CHARLOTTETOWN – First Nations groups and Charlottetown city council are at odds over how to deal with a statue of Canada’s first prime minister.
Members of the Epekwitk Assembly of Councils – which represents the Abegweit and Lennox Island First Nations – say they want more than just modifications to an existing plaque next to the statue of Sir John A. Macdonald.
“We understood when we were asked for input following the city’s decision to keep the statue last summer, that we were to provide recommendations on how that statue could be offset to address the situation, in keeping with reconciliation objectives,” says a letter signed by the chiefs of the two First Nations and sent to the city Thursday.
The demands from the Prince Edward Island First Nations groups echo similar calls across the country for the removal of Macdonald statues because of his role in the creation of Canada’s residential school system. One statue of him was toppled by protesters in Montreal last August.
The chiefs had recommended a number of changes, including adding a figure such as an Indigenous child or elder to the installation, which features Macdonald seated on a bench, his arm outstretched and his top hat beside him. They also proposed sealing off the rest of the bench to remove the possibility of photo opportunities next to the former prime minister.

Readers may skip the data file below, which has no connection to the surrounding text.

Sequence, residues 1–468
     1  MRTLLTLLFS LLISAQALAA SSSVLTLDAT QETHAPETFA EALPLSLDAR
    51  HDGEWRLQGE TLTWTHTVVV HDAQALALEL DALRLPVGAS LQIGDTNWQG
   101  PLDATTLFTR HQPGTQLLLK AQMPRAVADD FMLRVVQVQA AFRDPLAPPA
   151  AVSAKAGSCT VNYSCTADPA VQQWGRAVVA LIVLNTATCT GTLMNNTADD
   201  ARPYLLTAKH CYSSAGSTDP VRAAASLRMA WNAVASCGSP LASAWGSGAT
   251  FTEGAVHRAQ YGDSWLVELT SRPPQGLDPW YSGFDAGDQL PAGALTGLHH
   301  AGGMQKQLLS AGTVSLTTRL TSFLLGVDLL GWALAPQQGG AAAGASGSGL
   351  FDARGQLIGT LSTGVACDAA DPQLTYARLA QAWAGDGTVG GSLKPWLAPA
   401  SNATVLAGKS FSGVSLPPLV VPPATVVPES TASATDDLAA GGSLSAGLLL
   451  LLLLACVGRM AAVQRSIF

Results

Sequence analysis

They say they want the work done by this spring at the latest, and if the artist hired for the project is not Indigenous, a Mi’kmaq artist should serve as a consultant.
“We feel this matter has dragged on for too long and that simply rewriting the plaque is simply not acceptable,” says the letter signed by Chief Darlene Bernard of Lennox Island and Chief Junior Gould of Abegweit.
Charlottetown Mayor Philip Brown said discussions have been underway since last summer and it has been difficult during the pandemic to get everyone at the same table to make progress.
He said the plan is to keep the piece of art in place and add the full story of Canada’s first prime minister.
“It’s going to take time, but we are working as a collective group and trying to collaborate on a process that probably won’t satisfy all parties and individuals, but at least we’re working towards getting a plaque in place with representation of First Nations,” Brown said in an interview Friday.
Brown has asked history scholars at the University of Prince Edward Island to be involved, and he said the Native Council of Prince Edward Island has also asked for more time to do research.
The mayor said that while elsewhere there have been calls to simply remove statues of Macdonald, Charlottetown is in a unique position as the location where the Fathers of Confederation first met to discuss creating the country.
“This is where it all started. Who was at the head of the table when it all started? It was Sir John A. Macdonald,” he said. “We have to look at our role and our place in history.”
Major work is underway to restore nearby Province House and redesign the grounds around the building, and Brown said he expects there will be opportunities there for information panels to tell more of Macdonald’s history.
He said he wants to hear from Indigenous groups and history scholars, and any changes to the statue must be approved by the artist, who lives in Colorado.
This report by The Canadian Press was first published Jan. 29, 2021.
– By Kevin Bissett in Fredericton.